“It’s an exciting time for us here at OSF,” says Carter. “With so many strong additions to our team to help bring Arctic apples to eager consumers, we look forward to continued team growth and the introduction of additional wholesome and delicious apple varieties.”
A recent consumer news story had me both laughing and squirming with discomfort. The laughter was in response to the memory of a similar incident involving my children. The squirming was a basic, guttural human reaction.
You have to hand it to government and bureaucracy – they sometimes have a way of making even the most honest and supportive member of society turn into a negative naysayer with the mere swipe of a pen.
March 3, 2017, London, Ont – Ontario’s Minister of Agriculture, Food and Rural Affairs, Jeff Leal, has appointed Elmer Buchanan, a farmer and former provincial ag minister, as trustee of the Ontario Processing Vegetable Growers’ (OPVG) board.

“I have been closely monitoring the 2017 contract negotiations between Ontario's tomato growers and processors and was recently informed by growers, processors and the Ontario Farm Products Marketing Commission (OFPMC) that negotiations have reached an impasse, jeopardizing this year's crop season,” Leal said in a written public statement. “Risking this year's tomato crop, and the thousands of jobs that support it, is something I am not prepared to do.”

According to Minister Leal, Buchanan will temporarily assume the powers of the OPVG board to negotiate 2017 contracts, until elections for a new OPVG board can be held, preferably before Dec. 31, 2017.

In a letter to the OPVG board dated March 3, 2017, OMAFRA Deputy Minister Greg Meredith explained that the government of Ontario was forced to take immediate action by making a regulation under the Farm Products Marketing Act.

“This regulation is now in force and has the effect of terminating the terms of office of the members of OPVG holding office immediately before the regulation came into force and terminating the terms of office of the members of each district vegetable growers’ committee holding office immediately before the regulation came into force,” Meredith stated in the letter addressed to "Negotiating Agency Members."

“This was a difficult decision to make; however it was felt that action was needed to respond to what the government had heard from the OPVG itself, the [OFPMC] and industry stakeholders about the deteriorating state of negotiations and the need to ensure that negotiations continue so that contracts are in place for the 2017 processing vegetable crop.”

The Ontario Fruit and Vegetable Processors’ Association (OFVPA) sent out a press release March 3, 2017, supporting the provincial government’s announcement.

“Working with our grower partners, we believe there is an excellent opportunity for improvement that will benefit the whole value chain,” said Steve Lamoure, president of the OFVPA. “We look forward to working jointly with the OPVG, their appointed trustee, and our grower partners in putting together the details of this progressive move.”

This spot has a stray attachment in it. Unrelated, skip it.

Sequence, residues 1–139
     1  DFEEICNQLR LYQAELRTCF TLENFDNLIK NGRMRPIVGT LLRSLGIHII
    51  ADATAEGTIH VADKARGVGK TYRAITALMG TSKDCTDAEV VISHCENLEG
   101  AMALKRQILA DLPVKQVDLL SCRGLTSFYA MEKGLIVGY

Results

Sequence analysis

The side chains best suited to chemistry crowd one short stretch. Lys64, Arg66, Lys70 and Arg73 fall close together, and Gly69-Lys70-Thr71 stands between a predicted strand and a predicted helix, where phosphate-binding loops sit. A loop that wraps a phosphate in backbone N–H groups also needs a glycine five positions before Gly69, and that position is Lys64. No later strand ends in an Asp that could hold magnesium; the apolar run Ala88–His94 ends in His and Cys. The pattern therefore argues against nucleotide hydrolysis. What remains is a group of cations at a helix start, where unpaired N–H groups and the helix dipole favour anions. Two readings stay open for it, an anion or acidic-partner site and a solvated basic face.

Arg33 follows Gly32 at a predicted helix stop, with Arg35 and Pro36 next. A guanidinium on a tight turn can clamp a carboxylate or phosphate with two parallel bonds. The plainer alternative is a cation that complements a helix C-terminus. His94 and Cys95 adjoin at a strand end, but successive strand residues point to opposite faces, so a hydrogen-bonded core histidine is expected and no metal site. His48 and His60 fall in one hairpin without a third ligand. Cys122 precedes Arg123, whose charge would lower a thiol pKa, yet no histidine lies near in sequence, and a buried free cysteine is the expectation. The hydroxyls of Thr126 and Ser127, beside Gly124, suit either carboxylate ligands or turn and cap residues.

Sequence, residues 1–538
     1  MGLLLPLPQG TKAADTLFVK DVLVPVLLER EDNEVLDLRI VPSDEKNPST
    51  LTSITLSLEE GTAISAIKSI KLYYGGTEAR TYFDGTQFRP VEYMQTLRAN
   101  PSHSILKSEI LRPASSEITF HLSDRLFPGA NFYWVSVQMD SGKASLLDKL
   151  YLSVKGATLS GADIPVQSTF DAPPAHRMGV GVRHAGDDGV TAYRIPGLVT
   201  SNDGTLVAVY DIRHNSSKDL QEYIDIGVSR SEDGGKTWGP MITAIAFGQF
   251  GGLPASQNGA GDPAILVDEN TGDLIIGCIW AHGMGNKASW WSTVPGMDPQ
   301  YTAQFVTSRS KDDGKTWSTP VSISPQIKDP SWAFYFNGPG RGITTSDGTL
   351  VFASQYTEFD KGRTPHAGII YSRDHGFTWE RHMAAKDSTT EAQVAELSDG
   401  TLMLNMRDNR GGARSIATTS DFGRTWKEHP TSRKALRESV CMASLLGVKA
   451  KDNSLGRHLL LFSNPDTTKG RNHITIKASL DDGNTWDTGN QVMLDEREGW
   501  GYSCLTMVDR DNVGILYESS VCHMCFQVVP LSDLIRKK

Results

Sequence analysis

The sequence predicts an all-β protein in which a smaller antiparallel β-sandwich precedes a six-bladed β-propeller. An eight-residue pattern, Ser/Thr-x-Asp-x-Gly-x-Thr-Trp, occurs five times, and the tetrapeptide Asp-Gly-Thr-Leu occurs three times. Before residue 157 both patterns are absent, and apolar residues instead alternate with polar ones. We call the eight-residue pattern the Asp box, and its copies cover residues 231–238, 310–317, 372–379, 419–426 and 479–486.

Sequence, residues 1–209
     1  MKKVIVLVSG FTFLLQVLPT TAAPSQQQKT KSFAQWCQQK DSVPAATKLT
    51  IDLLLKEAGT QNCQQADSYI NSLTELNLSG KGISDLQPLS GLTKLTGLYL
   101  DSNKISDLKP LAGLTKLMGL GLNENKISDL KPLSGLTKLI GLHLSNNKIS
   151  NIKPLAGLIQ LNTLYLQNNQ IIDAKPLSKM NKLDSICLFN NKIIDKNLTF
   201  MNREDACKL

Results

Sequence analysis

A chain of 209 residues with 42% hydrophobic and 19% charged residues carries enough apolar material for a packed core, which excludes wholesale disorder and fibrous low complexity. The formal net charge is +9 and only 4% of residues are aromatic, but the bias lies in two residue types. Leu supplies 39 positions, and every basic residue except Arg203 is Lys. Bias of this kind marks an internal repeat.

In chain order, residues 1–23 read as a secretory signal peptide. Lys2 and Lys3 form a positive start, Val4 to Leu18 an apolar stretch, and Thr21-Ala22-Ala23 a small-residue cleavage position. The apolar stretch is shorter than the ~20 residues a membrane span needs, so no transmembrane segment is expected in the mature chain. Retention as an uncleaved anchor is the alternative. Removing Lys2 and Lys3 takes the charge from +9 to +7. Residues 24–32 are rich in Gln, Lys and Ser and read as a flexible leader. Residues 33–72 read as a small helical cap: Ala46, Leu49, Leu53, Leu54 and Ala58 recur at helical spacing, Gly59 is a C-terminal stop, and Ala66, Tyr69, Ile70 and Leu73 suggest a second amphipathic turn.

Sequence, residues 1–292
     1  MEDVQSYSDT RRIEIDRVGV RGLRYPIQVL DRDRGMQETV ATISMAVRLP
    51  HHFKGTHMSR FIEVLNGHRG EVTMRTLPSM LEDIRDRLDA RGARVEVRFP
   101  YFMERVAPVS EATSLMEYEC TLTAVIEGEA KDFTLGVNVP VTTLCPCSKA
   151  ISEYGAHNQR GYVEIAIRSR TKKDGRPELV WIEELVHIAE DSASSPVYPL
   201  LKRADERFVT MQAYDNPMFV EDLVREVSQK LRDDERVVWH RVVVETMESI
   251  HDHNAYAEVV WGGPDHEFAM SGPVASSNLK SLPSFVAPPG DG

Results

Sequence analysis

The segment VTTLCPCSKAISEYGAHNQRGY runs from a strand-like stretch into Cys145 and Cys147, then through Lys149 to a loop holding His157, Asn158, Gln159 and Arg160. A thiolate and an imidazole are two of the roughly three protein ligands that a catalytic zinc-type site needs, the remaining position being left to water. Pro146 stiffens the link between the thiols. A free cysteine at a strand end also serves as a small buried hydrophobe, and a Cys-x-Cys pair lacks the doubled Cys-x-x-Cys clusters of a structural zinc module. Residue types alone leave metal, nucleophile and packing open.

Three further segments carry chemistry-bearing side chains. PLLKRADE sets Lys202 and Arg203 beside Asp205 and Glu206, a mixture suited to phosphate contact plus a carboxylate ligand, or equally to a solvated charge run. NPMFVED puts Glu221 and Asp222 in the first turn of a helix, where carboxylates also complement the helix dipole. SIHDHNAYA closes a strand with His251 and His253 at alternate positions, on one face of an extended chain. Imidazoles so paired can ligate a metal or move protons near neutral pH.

March 1, 2017, Calgary, Alta – Chateau herbicide, by Valent Canada, Inc. is now registered for use on broccoli and caneberry.

Broccoli and caneberry growers in Canada now have another tool to assist in the control of Group 2-acetolactate synthase (ALS) resistant weeds, such as red root pigweed, green pigweed, eastern black nightshade and common ragweed.

Chateau, containing flumioxazin (51.1 per cent), is a residual pre-emergent herbicide. A PPO inhibitor, Chateau’s mode of action is different than many other herbicides, so it helps fight resistance, while providing long-lasting control of tough weeds including Group 2-resistant weeds.

“Chateau has proven to be an effective herbicide on a wide range of crops” says Maria Dombrowsky, horticulture specialist at Nufarm Agriculture Inc. “I am pleased that this tool is now available to broccoli and caneberry growers for incorporation into their IPM program.”

Chateau should be used in rotation with other herbicide modes of action. Chateau is also registered for use on other crops, including pome fruit, blueberries and strawberries. For more information, consult the complete product label at www.nufarm.ca/product/chateau/.
In late January, I walked into the first afternoon of the Ontario Processing Vegetable Industry Conference with a swagger in my step. I was going to learn something that many in my sphere of influence were still struggling with: What to expect from a Trump presidency.
February 8, 2017, Ottawa, Ont – Effective April 1, 2017 CanadaGAP will introduce an unannounced audit program in response to new GFSI benchmarking requirements.

What is an unannounced audit?
  • Unannounced audits will not be scheduled in advance with the producer.
  • The certification body will provide two to five business days' notice that the auditor is coming.
  • An unannounced audit will take place instead of a scheduled audit (NOT additional to a scheduled audit).
  • The producer will pay the regular audit fee for the unannounced audit.
Only if needed, the certification body or auditor may contact you ahead of time (e.g., early in the season)
  • To confirm the scope of your operation's certification
  • To confirm in general when certain activities are occurring (e.g., harvesting, packing, shipping, etc.)
  • NOT to identify a specific time for the audit.
When will unannounced audits occur?
  • Like all CanadaGAP audits, unannounced audits must occur while activities relevant to the scope of your operation's certification are occurring.